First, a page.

The Standard has marked Labour Weekend (I presume) with a post oddly under the authorship of ‘Natwatch’ (which seems to be a pseudonym for someone not wanting to be identified as being a union official) .
Convincing workers not to organise in their own best interests is one of the great successes of right-wing politics.
I have not needed convincing. I have never seen any need to belong to a union, although for short periods last century I was a compulsory member, the only sign of which was a deduction from my pay packet.
Yes, the undermining of the unions was a deliberate act, part of the neoliberal gutting of NZ. The political right hate unions because they protect working conditions, and raise wages – even today.
Part of union bashing, of course, is bashing the party that represents workers. Here’s a fine specimen – Look, there goes the Labour Party – sliding towards oblivion. Wilson basis his rant on Labour “faultlines” over Auckland – do National Party faultlines prove the same?. He then bizarrely concludes –
Actually, there is a point to Labour and it’s a really important one. They’re there to win elections. Labour is the main party of opposition and therefore is likely to be the majority party in any centre-left government. So they have to look credible. They have to be credible.
If they’re not, the whole centre-left suffers. A vote for the Greens is a vote for a Labour-led government. Votes for NZ First and the Maori Party are also votes for the possibility of such a government.
Not bad for a party supposedly “sliding to oblivion” you might think. Labour’s Future of Work planning is essential, Labour is leading the way on housing and poverty, Labour will work with The Greens on climate change – while National drags its heals on all of these issues (A surplus of cash and a deficit of concern for people). Like unions, the Labour Party is needed today more than ever.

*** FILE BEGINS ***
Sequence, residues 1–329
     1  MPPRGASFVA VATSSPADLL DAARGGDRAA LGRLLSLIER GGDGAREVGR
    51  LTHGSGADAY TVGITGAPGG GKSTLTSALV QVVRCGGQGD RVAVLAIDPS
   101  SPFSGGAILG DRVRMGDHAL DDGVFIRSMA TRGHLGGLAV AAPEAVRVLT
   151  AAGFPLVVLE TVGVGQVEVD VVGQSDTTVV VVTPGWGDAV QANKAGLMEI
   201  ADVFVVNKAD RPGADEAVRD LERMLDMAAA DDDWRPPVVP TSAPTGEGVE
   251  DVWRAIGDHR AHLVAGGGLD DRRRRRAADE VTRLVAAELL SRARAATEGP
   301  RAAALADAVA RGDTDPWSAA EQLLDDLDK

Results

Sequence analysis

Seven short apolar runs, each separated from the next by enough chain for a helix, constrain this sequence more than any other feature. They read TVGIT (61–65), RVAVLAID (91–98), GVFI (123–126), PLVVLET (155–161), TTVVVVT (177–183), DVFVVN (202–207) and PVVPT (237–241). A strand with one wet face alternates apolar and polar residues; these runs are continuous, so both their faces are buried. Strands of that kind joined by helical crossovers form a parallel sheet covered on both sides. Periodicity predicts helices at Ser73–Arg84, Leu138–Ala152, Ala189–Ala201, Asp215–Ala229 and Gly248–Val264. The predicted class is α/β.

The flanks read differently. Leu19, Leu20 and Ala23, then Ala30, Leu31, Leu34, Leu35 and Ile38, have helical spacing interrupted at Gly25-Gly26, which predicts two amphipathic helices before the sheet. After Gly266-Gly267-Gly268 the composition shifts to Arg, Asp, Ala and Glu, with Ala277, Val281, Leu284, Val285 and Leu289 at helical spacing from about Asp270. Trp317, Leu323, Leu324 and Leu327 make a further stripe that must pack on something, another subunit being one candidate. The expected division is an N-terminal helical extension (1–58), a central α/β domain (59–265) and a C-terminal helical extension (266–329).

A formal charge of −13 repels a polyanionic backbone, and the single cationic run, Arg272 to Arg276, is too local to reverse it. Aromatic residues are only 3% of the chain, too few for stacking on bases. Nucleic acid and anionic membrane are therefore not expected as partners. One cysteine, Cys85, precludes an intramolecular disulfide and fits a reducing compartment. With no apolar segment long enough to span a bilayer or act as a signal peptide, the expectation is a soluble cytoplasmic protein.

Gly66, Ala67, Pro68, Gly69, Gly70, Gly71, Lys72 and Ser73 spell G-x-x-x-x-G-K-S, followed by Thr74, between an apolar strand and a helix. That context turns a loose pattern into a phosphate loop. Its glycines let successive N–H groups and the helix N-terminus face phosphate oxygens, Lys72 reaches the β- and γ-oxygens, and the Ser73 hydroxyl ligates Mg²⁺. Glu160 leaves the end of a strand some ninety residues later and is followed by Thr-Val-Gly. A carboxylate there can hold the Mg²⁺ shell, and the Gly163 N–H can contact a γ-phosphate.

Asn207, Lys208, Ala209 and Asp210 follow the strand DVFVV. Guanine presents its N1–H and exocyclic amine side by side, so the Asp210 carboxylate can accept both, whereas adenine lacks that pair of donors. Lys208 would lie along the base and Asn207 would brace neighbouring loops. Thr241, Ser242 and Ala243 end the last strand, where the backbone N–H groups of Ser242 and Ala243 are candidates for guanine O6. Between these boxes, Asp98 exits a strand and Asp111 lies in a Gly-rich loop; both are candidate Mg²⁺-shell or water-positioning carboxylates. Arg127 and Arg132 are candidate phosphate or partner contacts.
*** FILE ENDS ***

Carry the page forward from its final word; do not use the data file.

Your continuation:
There is still a need for unions – for the minority of workers who choose to belong to a workers’ collective. The New Zealand Council of Trade Unions represents about 360,000 according to Wikipedia, but the CTU website says:
The New Zealand Council of Trade Unions Te Kauae Kaimahi brings together over 320,000 New Zealand union members in 31 affiliated unions. We are the united voice for working people and their families in New Zealand.
So it looks like the union numbers continue to shrink.
Some of the unions are affiliated to the Labour Party, and for the last few years have attained a pivotal role in choosing the party leader.
Current leader Andrew Little got the lowest vote from Caucus of the four candidates, and was well behind Grant Robertson in the members’ vote, but just won the leadership position due to a high union affiliate vote.
Little has a union background, but as a lawyer so he is not exactly a coal face working man.
Most of the other Labour MPs appear to have academic qualifications.
The Labour spokesperson for Workplace Relations and Safety is Iain Lees-Galloway. Prior to becoming an MP he worked as an organiser for the New Zealand Nurses Organisation, which is more of a professional organisation than the traditional workers’ unions. Lees-Galloway is ranked 14th in Labour’s pecking order so Workplace Relations doesn’t seem to be a high priority in the party.
Associate Workplace Relations and Safety Spokesperson is Sue Moroney, ranked 16. According to Wikipedia she has held a number of union positions.